Transgender Air

That's "Little Film," born male and surgically altered to become female. According to Bangkok's Thai-langauge Matichon newspaper, she's the world's first transgender air hostess.

And there are more to come. P.C. Air, a small Bangkok-based airline, has just hired two other transgender air hostesses as well.

Media outlets never tire of zany "first ever" superlatives. Having just typed "first ever" into Google News, I am now aware of Turkey's first-ever camel beauty contest this month. 

But transgenders cracking the stewardess barrier is perhaps a more significant "first ever" breakthrough than you might think. In reporting this recent Global Post story on Thailand's transgender military draftees, I heard repeated complaints from transgender Thais that air hostess positions are coveted. However, so many transgender applicants have been rejected, they said, that those jobs are considered off limits.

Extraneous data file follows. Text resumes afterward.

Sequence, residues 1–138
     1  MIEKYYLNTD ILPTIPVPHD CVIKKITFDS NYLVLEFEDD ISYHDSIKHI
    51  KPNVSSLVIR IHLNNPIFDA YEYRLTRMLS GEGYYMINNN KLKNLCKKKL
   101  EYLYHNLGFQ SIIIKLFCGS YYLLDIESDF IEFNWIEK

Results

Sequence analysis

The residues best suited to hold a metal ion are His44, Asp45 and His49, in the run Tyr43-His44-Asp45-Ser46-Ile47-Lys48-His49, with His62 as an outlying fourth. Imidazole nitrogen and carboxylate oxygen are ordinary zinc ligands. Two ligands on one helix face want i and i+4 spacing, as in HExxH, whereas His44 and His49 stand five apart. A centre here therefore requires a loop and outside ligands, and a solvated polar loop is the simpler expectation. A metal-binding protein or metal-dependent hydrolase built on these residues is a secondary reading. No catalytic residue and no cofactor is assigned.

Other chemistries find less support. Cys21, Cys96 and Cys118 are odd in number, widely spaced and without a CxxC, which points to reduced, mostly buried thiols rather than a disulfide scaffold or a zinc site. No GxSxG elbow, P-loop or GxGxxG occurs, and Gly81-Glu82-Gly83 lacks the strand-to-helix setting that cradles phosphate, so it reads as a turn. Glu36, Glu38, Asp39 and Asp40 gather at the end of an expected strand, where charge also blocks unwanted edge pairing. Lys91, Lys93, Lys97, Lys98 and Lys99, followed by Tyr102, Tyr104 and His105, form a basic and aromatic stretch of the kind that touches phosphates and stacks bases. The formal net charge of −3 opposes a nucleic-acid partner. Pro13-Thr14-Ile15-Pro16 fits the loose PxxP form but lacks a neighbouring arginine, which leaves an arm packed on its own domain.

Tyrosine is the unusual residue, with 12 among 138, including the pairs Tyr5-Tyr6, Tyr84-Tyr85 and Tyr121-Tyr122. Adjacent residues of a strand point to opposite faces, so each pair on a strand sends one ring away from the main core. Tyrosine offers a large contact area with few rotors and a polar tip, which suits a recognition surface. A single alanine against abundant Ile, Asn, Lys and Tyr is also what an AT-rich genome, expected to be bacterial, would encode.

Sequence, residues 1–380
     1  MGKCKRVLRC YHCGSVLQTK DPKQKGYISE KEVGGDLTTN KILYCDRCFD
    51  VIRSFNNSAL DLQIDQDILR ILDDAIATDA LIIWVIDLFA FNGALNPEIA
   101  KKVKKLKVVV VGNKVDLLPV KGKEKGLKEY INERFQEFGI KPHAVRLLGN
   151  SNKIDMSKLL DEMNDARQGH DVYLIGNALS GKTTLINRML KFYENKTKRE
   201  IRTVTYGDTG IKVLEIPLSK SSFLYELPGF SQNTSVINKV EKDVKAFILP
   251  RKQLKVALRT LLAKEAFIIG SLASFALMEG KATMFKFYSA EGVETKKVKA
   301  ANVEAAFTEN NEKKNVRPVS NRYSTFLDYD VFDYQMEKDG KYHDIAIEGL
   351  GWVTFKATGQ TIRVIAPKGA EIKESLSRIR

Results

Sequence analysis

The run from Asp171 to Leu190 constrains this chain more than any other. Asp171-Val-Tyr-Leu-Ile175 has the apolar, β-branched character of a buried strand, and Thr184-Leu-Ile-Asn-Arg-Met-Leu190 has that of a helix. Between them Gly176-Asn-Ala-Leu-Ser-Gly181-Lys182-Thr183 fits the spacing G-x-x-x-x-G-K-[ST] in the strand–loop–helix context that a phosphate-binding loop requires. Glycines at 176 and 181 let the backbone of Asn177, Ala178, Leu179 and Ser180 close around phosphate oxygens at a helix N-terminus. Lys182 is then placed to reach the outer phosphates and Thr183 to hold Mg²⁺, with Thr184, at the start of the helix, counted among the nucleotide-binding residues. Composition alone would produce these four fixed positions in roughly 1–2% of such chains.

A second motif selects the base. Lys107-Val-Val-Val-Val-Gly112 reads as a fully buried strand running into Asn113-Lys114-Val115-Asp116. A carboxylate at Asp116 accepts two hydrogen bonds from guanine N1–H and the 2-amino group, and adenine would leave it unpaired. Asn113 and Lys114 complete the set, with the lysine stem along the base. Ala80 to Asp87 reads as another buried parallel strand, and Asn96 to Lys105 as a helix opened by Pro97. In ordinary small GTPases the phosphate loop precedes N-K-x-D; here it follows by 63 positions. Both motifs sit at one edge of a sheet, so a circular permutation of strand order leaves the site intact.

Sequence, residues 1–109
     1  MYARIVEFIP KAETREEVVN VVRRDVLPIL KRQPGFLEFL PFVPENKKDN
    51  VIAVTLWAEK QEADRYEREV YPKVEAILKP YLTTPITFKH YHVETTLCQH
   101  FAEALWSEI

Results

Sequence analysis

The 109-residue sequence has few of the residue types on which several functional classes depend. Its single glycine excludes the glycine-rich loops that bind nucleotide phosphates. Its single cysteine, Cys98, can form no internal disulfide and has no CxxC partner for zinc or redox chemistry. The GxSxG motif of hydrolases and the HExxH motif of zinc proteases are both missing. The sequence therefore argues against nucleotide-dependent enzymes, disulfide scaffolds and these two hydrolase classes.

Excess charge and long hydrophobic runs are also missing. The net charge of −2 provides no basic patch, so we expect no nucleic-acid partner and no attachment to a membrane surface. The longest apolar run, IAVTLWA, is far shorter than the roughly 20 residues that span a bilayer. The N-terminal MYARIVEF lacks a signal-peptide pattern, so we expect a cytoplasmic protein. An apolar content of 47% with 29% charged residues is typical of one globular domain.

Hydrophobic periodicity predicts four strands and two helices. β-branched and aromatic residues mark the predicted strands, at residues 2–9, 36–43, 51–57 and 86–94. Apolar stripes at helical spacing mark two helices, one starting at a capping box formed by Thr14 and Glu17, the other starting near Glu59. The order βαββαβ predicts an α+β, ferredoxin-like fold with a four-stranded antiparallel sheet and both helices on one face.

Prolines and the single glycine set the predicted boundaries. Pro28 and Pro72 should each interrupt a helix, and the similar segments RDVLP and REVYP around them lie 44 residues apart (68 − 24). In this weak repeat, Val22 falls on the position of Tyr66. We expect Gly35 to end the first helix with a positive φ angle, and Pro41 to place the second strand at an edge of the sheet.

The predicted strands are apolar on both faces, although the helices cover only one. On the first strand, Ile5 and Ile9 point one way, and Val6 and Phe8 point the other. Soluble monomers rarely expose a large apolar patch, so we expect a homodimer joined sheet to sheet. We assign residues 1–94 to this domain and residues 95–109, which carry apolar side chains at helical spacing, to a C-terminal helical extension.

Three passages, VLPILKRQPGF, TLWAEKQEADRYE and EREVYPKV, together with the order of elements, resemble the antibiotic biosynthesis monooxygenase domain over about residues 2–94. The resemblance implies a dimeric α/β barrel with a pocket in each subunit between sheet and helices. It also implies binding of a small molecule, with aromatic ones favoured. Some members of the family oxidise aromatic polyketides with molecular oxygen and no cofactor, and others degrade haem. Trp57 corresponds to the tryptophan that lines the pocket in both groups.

An assumed barrier to senior-level employment often steers transgender Thais to jobs that accentuate beauty: stylists, waitressing, sales, cabaret work and, yes, prostitution. Among these types of service jobs, air hostessing would be a pretty high-status gig. 

Still, the hiring of Little Film, the 2007 champ of premier transgender beauty contest "Miss Tiffany Universe," won't necessarily break down the transgender air hostessing wall.

P.C. Air is an incredibly small airline with only one return flight per day from Bangkok to either South Korea or Japan. (I spent more than 20 minutes locating their Web site.) And despite their lofty claims about society's readiness to accept transgender air hostesses, this is clearly a very clever marketing campaign.

The Thai press is currently having lots of fun with this story, raising the profile of a tiny airline few had even heard of.